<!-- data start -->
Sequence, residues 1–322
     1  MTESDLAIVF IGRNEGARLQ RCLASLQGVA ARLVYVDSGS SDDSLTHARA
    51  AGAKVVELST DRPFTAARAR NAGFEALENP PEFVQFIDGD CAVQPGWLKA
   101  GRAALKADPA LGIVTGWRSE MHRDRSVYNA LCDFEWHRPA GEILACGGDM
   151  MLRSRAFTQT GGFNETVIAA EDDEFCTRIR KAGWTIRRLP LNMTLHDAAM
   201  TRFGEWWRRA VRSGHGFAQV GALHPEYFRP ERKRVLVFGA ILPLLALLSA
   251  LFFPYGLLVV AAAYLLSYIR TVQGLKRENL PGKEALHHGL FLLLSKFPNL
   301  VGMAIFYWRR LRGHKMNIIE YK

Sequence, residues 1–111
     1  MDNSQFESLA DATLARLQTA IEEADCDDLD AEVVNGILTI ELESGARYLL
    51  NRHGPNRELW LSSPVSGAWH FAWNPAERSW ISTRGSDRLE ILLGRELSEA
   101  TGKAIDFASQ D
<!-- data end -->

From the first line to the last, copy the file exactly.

Sequence, residues 1–322
     1  MTESDLAIVF IGRNEGARLQ RCLASLQGVA ARLVYVDSGS SDDSLTHARA
    51  AGAKVVELST DRPFTAARAR NAGFEALENP PEFVQFIDGD CAVQPGWLKA
   101  GRAALKADPA LGIVTGWRSE MHRDRSVYNA LCDFEWHRPA GEILACGGDM
   151  MLRSRAFTQT GGFNETVIAA EDDEFCTRIR KAGWTIRRLP LNMTLHDAAM
   201  TRFGEWWRRA VRSGHGFAQV GALHPEYFRP ERKRVLVFGA ILPLLALLSA
   251  LFFPYGLLVV AAAYLLSYIR TVQGLKRENL PGKEALHHGL FLLLSKFPNL
   301  VGMAIFYWRR LRGHKMNIIE YK

Sequence, residues 1–111
     1  MDNSQFESLA DATLARLQTA IEEADCDDLD AEVVNGILTI ELESGARYLL
    51  NRHGPNRELW LSSPVSGAWH FAWNPAERSW ISTRGSDRLE ILLGRELSEA
   101  TGKAIDFASQ D